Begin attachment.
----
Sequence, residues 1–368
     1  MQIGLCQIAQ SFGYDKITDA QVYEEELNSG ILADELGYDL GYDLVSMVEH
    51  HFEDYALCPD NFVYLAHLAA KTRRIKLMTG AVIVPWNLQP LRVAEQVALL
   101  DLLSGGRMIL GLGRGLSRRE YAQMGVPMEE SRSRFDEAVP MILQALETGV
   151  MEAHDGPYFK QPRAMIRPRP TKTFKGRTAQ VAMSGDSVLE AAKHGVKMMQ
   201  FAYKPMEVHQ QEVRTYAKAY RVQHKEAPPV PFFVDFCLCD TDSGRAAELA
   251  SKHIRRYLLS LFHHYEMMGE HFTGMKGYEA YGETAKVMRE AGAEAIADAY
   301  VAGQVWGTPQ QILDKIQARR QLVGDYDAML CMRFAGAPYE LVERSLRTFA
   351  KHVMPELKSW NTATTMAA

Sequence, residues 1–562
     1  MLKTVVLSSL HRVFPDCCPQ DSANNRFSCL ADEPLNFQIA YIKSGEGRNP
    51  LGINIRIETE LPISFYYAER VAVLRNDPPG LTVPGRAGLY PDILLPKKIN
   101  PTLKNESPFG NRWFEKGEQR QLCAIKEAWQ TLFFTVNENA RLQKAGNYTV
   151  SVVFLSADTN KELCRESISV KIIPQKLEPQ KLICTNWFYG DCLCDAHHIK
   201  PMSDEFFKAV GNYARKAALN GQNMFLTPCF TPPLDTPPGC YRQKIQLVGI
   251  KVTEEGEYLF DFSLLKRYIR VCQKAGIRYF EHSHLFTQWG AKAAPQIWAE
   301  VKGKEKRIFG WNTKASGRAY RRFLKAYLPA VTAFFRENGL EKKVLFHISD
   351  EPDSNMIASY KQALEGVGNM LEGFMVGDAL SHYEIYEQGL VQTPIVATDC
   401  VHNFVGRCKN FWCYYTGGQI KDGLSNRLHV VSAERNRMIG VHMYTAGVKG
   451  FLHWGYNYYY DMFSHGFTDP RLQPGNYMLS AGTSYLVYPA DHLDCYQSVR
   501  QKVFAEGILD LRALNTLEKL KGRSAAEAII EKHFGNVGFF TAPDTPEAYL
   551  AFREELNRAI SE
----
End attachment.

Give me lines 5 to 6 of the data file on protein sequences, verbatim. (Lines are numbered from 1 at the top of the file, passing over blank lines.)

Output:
   151  MEAHDGPYFK QPRAMIRPRP TKTFKGRTAQ VAMSGDSVLE AAKHGVKMMQ
   201  FAYKPMEVHQ QEVRTYAKAY RVQHKEAPPV PFFVDFCLCD TDSGRAAELA